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Thermo Fisher’s Dean Rainbolt on how ultra-low temperature freezers are continuing to change the game
Ultra-low temperature (ULT) freezers continue to improve in functionality, allowing for more effective storage. And, amid various temperature-related bottlenecks, they must continue to meet customer needs. Dean Rainbolt, technical applications manager for the Controlled Temperature Technologies group at Thermo Fisher Scientific, joined Pharma Commerce to explore these efforts, along with the steps required to successfully build a secure cold chain.
Pharma Commerce: How did efforts around developing and rolling out the COVID-19 vaccine impact Thermo Fisher’s ULT freezer product line? What extra pressures or considerations came about as a result of this accelerated process?
As you can imagine, the need to deliver purpose-built equipment capable of properly storing mass quantities of the vaccine moved to the top of our list of priorities. We worked closely with the vaccine manufacturers to understand the precise temperature conditions required to safely store the vaccine, not only after manufacturing but at the point of distribution as well. Once those needs were established, our cold storage experts worked with our production facility to find innovative ways to increase production in a way that did not compromise our strict product quality practices. We also put together a team that focused on safe sample storage solutions.
Increased production presented many obstacles, however. Examples include difficulty finding the materials and certain parts needed for the construction of the freezers, streamlining the building process while maintaining our strict quality requirements, and distribution of so many units around the world. Qualification practices of each freezer, which are required in most pharmaceutical applications after installation, also impacted the timeline. We worked with vaccine manufacturers to streamline the qualification effort so that they could store products sooner after the freezer was installed with the same level of assurance.
What is the latest technology in this space and how is that set to impact cold chain solutions going forward?
We are continuously working on improving the performance and functionality of our ULT freezers and in the past few years have made significant improvements. Those improvements are clear from the peak variance numbers during testing, as well as the many features we’ve added that help our customers quickly identify if there is a risk of a temperature excursion that can impact the product’s efficacy. An example is the light bar feature on our ULT range, which offers a visual notification option. We also have a system that proactively monitors the health of the freezer, which notifies the customer when there may be a problem before a temperature excursion occurs.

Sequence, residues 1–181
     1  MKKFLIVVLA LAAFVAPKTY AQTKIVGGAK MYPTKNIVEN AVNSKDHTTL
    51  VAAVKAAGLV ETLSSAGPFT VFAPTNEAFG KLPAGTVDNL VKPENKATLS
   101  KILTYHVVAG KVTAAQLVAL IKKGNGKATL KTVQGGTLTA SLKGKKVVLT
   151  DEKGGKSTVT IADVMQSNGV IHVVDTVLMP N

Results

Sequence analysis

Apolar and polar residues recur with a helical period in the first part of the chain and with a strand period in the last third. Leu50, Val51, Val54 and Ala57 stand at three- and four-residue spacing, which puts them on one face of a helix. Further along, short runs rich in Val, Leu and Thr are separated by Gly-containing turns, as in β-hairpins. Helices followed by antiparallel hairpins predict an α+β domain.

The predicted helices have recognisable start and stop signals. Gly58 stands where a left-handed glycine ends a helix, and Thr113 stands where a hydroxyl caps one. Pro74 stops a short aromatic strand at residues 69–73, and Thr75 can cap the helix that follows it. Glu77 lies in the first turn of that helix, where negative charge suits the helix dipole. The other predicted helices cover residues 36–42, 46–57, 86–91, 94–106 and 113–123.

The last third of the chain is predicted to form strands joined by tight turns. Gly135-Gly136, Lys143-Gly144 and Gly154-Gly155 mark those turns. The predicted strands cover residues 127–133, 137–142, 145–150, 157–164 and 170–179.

Additionally, as the industry becomes increasingly eco-conscious, we’ve equipped our entire line of freezers with V-drive technology that ensures temperature uniformity, providing significant energy savings by adapting to the clinical environment.
In order to build a secure cold chain, what steps are required?
To build a secure cold chain, it’s critical to identify the sample path and consider the specific regulations for each segment of the cold chain. Once a strategy is in place that will ensure the safety of the samples across all potential storage locations and under varying loads and uses, the correct instrumentation and/or equipment must be purchased and qualified. Monitoring of the temperature of the samples throughout the process of manufacturing, storage, and distribution is critical. Documentation of this data must also be retained in a manner that will be available for review by auditing bodies.
What do you foresee as the ULT cold chain demands of the next few years?
Freezer availability to keep up with the ever-increasing demand for safe sample and vaccine storage space is critical. Not only do the large manufacturers of vaccines and other lifesaving products need this storage space, but smaller research facilities and universities need this support as well.
How is R&D in this space increasing the need to accelerate innovation in distribution?
Our close partnerships with many drug and vaccine manufacturers allows us to track what difficulties they face, particularly related to storage space, qualification concerns, regulation changes, and updates. Further, with the increase in temperature-sensitive therapeutics, such as in cell and gene therapy, it’s important that we continue to push the boundaries of technology to ensure we can meet the demands of future temperature storage needs.
Are there any other temperature-related bottlenecks that need to be addressed?
Identifying customer needs to ensure that the correct freezer is acquired for their specific application is critical to everyone’s success and helps ensure that critical medicines do not go to waste. If the correct freezer is purchased, based on performance and qualification requirements, the time and effort needed to install and qualify it so that samples and vaccines can be safely stored is greatly reduced.